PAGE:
At the same time, however, the poem also offers a more hopeful message, one that suggests a deep sense of resilience and persistence that is still present in the world, even in the face of great adversity. Ultimately, then, "Turtle" is a powerful reminder of the importance of embracing our place in the natural world, and the beauty and wonder that still remain, even as the world continues to change and evolve.
Editor 2 Analysis and Explanation
The Beauty of Slow and Steady: An Analysis of Mary Oliver's "Turtle"
Mary Oliver's poem "Turtle" is a beautiful and thought-provoking piece that explores the nature of life and the importance of taking things slow. Through vivid imagery and powerful metaphors, Oliver paints a picture of a world where the slow and steady pace of the turtle is celebrated and revered. In this article, we will take a closer look at the poem and explore its themes, symbolism, and meaning.
Before we dive into the analysis, let's take a moment to read the poem in its entirety:
Turtle Now I see it-- it nudges with its bulldog head the slippery stems of the lilies, making them tremble; and now it noses along in the wake of the little brown teal who is leading her soft children from the one shabby pond to the other, and lo, they are all on the opposite shore. I am not a scientist. I know the difference between bracken and fern. I know the boiling point of water. But I do not know enough about the world. Certainly I have seen it all, heard it all, been amazed at it all. I have seen the foxes go by in the night. I have seen the geese in their terrible flight. But I have not yet seen the owl, that white one with the black wings, that carries in its claws the just caught mouse. Oh, hurry up, hurry up, I thought, happily, and turned the car onto the rough lane. I did not stop for the pickerel or the spotted salamander, for the difficult nothing of the stars. It was spring, and the air so damp you could hear it breathing. I went to the door and called the dog. We went into the woods. The turtle had just emerged from the leaves and was beginning to cross the path. I took it up and carried it to the pond. It never looked back.
At its core, "Turtle" is a poem about the beauty of slow and steady progress. The turtle, with its bulldog head and slow, deliberate movements, is a symbol of patience and perseverance. In a world that values speed and efficiency above all else, the turtle serves as a reminder that sometimes the best things in life take time.
Another theme that runs throughout the poem is the idea of interconnectedness. The turtle is not alone in its journey; it is accompanied by the little brown teal and her soft children. The speaker of the poem also mentions the foxes and the geese, highlighting the fact that all living things are connected and dependent on one another.
Finally, "Turtle" is a poem about the beauty of nature. Oliver's vivid descriptions of the lilies, the teal, and the turtle itself paint a picture of a world that is both awe-inspiring and fragile. The speaker of the poem is in awe of the natural world, but also recognizes that there is much she does not know or understand.
One of the most powerful symbols in "Turtle" is the turtle itself. As mentioned earlier, the turtle represents patience and perseverance. Its slow, deliberate movements are a reminder that sometimes the best things in life take time. The turtle is also a symbol of longevity and wisdom. In many cultures, turtles are seen as symbols of good luck and prosperity.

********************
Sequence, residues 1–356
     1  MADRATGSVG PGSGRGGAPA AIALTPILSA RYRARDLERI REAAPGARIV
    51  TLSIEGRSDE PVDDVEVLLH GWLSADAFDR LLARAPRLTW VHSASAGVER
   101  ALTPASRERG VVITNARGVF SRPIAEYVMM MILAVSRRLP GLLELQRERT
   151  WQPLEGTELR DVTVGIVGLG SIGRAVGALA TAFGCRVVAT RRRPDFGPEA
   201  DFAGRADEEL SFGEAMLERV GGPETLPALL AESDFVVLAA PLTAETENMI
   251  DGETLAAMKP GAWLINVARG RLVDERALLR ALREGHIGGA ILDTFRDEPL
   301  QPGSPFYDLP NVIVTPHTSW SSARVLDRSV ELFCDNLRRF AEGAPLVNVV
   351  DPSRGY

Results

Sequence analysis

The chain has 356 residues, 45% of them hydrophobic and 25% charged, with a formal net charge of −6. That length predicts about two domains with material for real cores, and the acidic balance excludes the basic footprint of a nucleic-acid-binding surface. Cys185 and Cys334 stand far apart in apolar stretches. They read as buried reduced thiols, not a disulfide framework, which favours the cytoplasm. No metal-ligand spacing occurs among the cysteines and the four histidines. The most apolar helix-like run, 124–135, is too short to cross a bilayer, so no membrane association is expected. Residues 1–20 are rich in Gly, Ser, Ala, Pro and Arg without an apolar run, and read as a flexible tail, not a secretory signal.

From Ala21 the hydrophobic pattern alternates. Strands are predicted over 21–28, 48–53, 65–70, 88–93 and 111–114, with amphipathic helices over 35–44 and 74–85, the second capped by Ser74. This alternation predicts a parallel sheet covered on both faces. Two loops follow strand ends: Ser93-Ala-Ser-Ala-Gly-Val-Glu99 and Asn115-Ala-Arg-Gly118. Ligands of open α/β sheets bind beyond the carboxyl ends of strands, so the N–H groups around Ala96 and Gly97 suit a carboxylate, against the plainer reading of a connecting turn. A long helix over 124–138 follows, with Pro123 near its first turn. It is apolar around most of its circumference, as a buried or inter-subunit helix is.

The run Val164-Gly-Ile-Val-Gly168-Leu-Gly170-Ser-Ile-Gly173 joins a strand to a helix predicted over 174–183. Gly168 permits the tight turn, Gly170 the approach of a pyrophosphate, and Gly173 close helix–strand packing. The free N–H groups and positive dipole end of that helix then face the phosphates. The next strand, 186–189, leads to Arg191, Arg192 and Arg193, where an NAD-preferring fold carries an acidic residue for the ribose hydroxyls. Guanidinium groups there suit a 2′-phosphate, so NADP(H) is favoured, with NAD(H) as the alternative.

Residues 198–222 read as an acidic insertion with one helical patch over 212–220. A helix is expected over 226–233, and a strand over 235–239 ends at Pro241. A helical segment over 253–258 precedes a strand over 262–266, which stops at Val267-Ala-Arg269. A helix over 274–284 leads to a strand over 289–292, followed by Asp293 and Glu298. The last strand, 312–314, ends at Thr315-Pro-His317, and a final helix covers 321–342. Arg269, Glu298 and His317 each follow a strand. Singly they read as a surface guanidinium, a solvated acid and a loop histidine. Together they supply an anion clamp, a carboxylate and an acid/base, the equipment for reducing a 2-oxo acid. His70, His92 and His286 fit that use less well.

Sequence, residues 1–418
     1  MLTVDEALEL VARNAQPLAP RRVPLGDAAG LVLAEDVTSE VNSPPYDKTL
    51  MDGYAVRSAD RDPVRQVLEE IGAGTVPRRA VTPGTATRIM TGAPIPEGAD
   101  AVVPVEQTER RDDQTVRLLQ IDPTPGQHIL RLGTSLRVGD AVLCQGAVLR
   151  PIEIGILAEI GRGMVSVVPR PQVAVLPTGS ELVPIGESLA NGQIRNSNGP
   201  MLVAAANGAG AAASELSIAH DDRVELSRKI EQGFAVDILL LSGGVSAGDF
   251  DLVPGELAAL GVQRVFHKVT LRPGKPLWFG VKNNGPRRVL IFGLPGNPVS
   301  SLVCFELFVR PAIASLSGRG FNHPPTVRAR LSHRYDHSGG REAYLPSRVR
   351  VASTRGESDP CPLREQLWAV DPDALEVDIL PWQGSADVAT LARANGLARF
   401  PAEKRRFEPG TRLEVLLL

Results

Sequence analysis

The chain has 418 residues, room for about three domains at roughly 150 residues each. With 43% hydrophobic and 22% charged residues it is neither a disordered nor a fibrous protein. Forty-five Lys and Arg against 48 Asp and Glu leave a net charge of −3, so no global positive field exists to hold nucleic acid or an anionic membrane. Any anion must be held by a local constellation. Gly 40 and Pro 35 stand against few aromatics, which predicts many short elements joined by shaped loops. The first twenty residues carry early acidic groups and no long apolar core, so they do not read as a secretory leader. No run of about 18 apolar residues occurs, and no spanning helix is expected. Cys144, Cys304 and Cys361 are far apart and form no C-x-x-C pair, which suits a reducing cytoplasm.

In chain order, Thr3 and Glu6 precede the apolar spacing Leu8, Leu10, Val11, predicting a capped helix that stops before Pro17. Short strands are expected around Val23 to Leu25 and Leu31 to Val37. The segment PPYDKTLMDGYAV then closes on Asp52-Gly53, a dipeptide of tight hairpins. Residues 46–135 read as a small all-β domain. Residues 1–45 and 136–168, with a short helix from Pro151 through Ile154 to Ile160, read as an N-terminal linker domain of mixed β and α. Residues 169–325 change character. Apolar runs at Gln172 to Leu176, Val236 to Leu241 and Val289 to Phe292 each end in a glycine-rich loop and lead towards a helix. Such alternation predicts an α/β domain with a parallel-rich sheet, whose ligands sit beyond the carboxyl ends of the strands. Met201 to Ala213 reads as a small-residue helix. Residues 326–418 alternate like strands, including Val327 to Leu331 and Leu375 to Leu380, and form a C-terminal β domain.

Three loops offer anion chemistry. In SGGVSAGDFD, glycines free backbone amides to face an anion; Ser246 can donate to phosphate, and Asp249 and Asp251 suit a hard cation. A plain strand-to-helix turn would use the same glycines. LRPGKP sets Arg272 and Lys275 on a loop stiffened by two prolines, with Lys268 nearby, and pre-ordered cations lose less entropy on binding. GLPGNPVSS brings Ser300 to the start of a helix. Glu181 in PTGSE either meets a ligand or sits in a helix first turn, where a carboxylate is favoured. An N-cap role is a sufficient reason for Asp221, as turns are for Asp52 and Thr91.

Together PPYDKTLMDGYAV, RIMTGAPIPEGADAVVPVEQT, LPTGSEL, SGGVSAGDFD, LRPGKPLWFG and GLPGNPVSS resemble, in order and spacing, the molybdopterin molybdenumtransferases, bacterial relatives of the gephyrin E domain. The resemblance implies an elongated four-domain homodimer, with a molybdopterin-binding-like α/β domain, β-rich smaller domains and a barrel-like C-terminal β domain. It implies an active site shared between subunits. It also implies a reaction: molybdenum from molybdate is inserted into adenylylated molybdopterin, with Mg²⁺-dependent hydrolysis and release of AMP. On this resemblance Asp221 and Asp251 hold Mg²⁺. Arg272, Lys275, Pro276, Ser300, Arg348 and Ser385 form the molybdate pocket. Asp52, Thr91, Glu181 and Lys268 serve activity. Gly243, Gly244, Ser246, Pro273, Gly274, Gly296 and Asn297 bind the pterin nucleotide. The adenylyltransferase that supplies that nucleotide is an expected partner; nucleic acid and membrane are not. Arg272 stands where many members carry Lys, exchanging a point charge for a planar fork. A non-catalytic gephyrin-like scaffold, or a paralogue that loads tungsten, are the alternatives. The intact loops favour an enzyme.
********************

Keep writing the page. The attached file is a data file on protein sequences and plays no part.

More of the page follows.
The little brown teal and her soft children are also important symbols in the poem. They represent the interconnectedness of all living things. The teal is leading her children from one pond to another, and the turtle is following along in their wake. This image is a powerful reminder that all living things are connected and dependent on one another.
Finally, the natural world itself is a powerful symbol in "Turtle." The lilies, the foxes, the geese, and the stars all represent the beauty and fragility of nature. The speaker of the poem is in awe of the natural world, but also recognizes that it is a complex and mysterious place.
At its core, "Turtle" is a poem about the importance of taking things slow and appreciating the beauty of the natural world. The turtle, with its slow and deliberate movements, represents the value of patience and perseverance. The little brown teal and her soft children represent the interconnectedness of all living things, and the natural world itself is a powerful symbol of the beauty and fragility of life.
But "Turtle" is also a poem about the limitations of human understanding. The speaker of the poem admits that she does not know enough about the world, despite having seen and heard so much. This is a reminder that there is always more to learn and discover, and that the natural world is a complex and mysterious place.
In the end, "Turtle" is a celebration of the slow and steady pace of life, and a reminder to take the time to appreciate the beauty of the world around us.
Mary Oliver's "Turtle" is a beautiful and thought-provoking poem that explores the nature of life and the importance of taking things slow. Through vivid imagery and powerful metaphors, Oliver paints a picture of a world where the slow and steady pace of the turtle is celebrated and revered. The poem is a reminder to appreciate the beauty of the natural world and to take the time to learn and discover all that it has to offer.